To minimize heat loss through the support, means are provided for transfer of energy from the boil-off to the support. For this purpose, as schematically illustrated in FIG. 1 of the drawing, a plurality of ring members 44, formed of a metal or other high heat conductive material, are joined in axially spaced apart relation and in heat conductive relation to the support, including the sleeve sections 30 and 32 and/or the telescoping tubular member 34. When the ring members 44 are formed of a highly conductive metal, such as copper or aluminum, the ring members can be spun onto the tubular member or sleeve sections or the ring members 44 can be provided in the form of metal discs having a central opening corresponding to the outer wall-to-wall dimension of the tubular members or sleeve sections for attachment thereto, as by conventional metal bonding means such as soldering or braising.

The ring members are formed with an annular flanged portion 46 which extends substantially perpendicularly from their outer periphery with openings in the flanged portions for attachment, as by means of rivets, or by means of a nut and bolt assembly through openings in a corresponding flanged portion 48 of connecting strips 50 connected in heat transfer relationship to spaced portions of the tubular member 20 through which the boil-off is vented.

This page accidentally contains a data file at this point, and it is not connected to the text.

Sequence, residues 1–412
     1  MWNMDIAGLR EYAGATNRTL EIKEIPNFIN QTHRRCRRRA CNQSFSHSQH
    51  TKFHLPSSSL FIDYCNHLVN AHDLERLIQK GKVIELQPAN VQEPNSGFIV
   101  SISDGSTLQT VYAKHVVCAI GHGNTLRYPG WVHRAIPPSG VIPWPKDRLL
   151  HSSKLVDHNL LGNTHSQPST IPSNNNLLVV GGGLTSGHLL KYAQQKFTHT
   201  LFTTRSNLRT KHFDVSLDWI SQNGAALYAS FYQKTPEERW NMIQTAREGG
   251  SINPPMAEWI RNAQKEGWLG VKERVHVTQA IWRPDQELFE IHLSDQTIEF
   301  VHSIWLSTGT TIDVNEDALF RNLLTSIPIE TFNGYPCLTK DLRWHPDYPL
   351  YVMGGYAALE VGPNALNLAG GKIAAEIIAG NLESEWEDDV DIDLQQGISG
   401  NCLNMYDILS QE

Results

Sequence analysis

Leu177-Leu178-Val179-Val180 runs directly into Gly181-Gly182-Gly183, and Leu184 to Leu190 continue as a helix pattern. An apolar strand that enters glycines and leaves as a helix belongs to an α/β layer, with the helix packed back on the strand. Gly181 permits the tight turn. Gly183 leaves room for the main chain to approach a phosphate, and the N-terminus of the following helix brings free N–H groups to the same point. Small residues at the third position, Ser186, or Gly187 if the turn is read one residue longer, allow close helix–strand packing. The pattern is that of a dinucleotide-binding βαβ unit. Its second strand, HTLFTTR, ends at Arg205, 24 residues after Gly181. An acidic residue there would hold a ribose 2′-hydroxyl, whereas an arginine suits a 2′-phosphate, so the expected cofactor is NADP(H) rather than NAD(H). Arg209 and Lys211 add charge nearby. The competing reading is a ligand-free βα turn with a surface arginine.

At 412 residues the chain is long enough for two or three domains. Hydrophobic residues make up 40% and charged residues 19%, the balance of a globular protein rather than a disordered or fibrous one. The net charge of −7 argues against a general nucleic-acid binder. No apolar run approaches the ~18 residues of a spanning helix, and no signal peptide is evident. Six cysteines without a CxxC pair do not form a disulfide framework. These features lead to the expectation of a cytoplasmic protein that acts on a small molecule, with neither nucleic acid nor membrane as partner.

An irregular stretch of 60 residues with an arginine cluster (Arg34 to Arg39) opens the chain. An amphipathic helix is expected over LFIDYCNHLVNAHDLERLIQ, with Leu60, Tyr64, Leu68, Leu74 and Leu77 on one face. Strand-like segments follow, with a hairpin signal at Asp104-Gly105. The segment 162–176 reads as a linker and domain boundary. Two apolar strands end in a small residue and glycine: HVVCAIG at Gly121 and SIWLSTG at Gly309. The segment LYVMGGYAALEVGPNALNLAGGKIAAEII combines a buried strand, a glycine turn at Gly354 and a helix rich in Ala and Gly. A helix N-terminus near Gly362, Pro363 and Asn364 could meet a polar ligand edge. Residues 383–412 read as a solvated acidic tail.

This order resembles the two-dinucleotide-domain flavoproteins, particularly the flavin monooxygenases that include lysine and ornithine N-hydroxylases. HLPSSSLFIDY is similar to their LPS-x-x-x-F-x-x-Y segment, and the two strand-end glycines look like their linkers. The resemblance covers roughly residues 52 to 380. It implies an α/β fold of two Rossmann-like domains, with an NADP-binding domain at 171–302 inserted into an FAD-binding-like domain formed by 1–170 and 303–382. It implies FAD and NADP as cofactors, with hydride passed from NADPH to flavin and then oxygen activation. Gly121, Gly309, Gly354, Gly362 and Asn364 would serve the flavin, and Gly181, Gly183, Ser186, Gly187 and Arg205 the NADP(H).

In assembly, the sleeve sections 30 and 32, with the ring members 44 thereon, are pre-wound, as by spiral winding, with the desired number of layers 50' of heat insulating material, such as thin webs of glass fibers having a diameter less than 20 microns and preferably less than 10 microns, and intermediate layers of heat reflective barrier strips 52 of the type previously described. As the layers of insulation and barrier strips reach a ring member, a connecting strip 50 is attached to the ring member and the boil-off tube and then the winding of the insulation layers and reflective barrier strips is continued until insulation sufficient to fill the insulated space is applied onto the outer walls of the inner vessel. The insulated vessel can then be inserted axially through an open end of the outer container with the sleeve sections telescoped onto or into the tubular member at one end, after which the end wall for the open end is fitted to complete the outer vessel with the sleeve sections engaged in telescoping relation with the tubular member in axial alignment therewith.